Memories of loss, of immediate and distant past (also political), can be deciphered in the art of Risham Syed. His two installations integrate different connotations, the use and observation of light. A bewildering variety of light is seen in one work, in which a dysfunctional lamp and heat meter are combined with a postcard depicting a black and white image of fire and smoke in a city. Another of his installations consists of a metallic beast, a palm tree giving off an orange glow next to a small painted surface (as casual as a Polaroid or a small photo) showing a soldier in combat gear shrouded in smoke and clouds Red / orange. His two works suggest the darkness of light; how light is a prelude to a long reigning shadow. This could be translated in political or personal terms, a clue of what one gets from the work of Genevieve Gleize. A combination of photographs placed on the gallery wall. Using the site of an old establishment in Madrid, Teotro Cervantes, it documents the play of light on stage, in the architecture and the rows of seats, all with various accents. But the set of images, installed as one (or a series), suggests a time that survives in memories – or memories in the form of photographs. Because anyway, when we take a photo, we anticipate and prepare our personal memory bank, with stored images that remind us and reconnect us to the places we visited once, perhaps for a few seconds (time needed to click on our cameras or press our smart phones).

A bit like the monumental novel by Marcel Proust In Search of Lost Time, Gleize’s work documents an abandoned place of magnificent light spreading, defining, veiling and eroding the details of the chairs, of the stage – in fact, the entire configuration of grandeur, using the language of chiaroscuro rebirth. Not only the distribution of light and dark, but also the staging of its subject, the central scene, in its structure, reminds the viewer of the work of Leonardo da Vinci The last supper, with its illusion of perspective.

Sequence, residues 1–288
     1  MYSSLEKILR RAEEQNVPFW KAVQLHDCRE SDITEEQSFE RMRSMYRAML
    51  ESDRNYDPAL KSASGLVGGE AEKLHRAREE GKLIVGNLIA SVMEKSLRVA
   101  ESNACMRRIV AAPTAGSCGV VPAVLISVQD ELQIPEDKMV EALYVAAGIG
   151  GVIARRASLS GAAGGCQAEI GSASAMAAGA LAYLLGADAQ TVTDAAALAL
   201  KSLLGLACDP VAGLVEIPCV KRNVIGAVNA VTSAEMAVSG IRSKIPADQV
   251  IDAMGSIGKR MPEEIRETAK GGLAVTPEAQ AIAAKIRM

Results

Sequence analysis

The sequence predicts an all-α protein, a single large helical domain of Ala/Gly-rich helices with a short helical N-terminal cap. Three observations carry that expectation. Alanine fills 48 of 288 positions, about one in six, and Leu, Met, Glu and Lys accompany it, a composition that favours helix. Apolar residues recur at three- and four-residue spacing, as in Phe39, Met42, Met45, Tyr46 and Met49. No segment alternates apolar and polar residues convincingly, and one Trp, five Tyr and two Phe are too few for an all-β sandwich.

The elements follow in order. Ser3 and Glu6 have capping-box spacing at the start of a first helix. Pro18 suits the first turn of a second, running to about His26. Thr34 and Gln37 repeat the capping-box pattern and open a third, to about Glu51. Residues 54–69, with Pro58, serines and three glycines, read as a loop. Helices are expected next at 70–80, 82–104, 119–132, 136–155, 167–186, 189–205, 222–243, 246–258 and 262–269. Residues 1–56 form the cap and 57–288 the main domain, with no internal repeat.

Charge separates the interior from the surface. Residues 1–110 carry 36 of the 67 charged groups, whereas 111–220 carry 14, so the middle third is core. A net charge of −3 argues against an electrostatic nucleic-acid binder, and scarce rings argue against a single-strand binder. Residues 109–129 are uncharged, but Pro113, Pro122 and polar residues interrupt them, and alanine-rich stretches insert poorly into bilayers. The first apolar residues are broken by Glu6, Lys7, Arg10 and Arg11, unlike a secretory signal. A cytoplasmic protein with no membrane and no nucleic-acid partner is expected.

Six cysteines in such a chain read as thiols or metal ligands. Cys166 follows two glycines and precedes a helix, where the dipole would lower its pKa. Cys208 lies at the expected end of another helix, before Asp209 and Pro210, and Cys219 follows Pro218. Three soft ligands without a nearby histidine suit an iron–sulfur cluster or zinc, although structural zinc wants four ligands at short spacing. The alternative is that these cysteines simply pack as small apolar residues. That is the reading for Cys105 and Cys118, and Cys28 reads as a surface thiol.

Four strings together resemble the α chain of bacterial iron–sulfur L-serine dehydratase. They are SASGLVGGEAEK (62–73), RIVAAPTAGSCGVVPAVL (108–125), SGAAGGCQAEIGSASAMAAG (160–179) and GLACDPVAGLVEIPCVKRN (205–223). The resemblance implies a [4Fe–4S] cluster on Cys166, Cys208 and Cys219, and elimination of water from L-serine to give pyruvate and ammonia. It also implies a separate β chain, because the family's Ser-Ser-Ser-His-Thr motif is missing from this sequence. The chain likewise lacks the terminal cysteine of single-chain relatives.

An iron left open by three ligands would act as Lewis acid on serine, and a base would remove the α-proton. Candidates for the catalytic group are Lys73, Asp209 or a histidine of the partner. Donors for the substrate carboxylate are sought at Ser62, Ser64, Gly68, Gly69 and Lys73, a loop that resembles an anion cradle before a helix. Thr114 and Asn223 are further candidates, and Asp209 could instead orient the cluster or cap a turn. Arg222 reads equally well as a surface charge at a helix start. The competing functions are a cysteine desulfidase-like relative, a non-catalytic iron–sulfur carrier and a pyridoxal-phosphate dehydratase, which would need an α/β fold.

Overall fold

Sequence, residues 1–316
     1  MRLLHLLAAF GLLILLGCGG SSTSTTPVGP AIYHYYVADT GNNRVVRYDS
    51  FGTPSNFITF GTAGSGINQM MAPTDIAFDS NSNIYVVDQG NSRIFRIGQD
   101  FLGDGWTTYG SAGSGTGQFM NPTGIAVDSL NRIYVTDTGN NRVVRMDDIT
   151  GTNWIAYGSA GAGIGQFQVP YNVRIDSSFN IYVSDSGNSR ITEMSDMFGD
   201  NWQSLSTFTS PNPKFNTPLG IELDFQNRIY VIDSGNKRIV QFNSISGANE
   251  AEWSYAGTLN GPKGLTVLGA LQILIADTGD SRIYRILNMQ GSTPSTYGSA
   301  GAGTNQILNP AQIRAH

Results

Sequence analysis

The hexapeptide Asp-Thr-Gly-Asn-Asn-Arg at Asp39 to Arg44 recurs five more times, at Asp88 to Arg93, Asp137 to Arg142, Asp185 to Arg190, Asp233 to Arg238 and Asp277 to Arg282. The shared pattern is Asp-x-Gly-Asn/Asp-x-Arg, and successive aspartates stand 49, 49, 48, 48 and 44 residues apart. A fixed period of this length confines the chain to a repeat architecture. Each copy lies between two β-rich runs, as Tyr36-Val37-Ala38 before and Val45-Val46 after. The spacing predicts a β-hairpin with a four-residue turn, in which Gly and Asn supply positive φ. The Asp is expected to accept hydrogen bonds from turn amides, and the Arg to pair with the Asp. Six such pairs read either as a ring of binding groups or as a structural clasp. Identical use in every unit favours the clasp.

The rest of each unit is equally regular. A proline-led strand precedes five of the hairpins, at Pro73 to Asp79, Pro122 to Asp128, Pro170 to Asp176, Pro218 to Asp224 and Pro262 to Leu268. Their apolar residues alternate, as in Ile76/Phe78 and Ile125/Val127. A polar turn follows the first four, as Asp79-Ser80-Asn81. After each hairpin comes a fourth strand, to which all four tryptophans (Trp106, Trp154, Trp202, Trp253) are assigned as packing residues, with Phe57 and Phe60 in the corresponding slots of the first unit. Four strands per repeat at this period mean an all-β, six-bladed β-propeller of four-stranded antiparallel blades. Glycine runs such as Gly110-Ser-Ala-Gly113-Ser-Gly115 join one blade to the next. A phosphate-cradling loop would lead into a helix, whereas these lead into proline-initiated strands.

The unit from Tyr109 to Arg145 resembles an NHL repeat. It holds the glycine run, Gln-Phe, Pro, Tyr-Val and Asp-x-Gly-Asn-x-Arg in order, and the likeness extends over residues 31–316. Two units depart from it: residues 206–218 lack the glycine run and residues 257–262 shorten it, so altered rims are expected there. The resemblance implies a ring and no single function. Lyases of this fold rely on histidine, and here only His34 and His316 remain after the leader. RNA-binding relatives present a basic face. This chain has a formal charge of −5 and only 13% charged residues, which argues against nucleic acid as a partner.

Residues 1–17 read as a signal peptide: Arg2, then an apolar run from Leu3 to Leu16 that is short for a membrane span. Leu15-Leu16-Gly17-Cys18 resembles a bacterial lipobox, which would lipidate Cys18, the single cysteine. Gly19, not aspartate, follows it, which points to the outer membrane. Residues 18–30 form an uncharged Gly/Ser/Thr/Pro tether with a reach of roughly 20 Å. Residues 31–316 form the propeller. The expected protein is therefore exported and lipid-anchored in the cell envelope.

The story diffused in the light, even disfigured through it, is seen in the work of Marium Agha. In her thread on fabrics, she recreates portraits from the past, such as Byron’s muse, Françoise Boucher, Thomas Gainsborough, Maurice Quentin de la Tour, Duchess de Beaufort. These images are woven with their lower parts dripping from the photo frame – literally; like the weather in The persistence of Memory by Salvador Dali, melts and drips. Along with the presence or the passage of time, Agha introduces glitter on the faces of her subjects, thus transforming their heads into various creatures such as a wolf, a white rabbit, a wolverine, a horse, which, oddly enough, do not seem not out of place, because these characters’ elaborate attire is complemented by the glittering material of their altered identities, small, shiny disc-shaped pearls that reflect light.

Like Agha, another participant of the show, Safaa Erruas, chose needles to perform her art. her two Parallel paths, with metallic thread and ink on cotton paper, suggest maps of the human body as well as of the earth. Holes drilled in perpetual lines with protruding metal ends divided into two halves allude to the human diaphragm with a gap in the middle. Whatever the reading, the works of Erruas plunge into the pain of human experience, of a territory, of a body, since it surprisingly associates hair and rough vegetation on a desert plane. The white of his favorite surfaces transmits light, but it is the light of the soul to which we relate like all other artists, because being at this extraordinary exhibition we experience The Unbearable Lightness of Being – again and again.


The writer is an art critic based in Lahore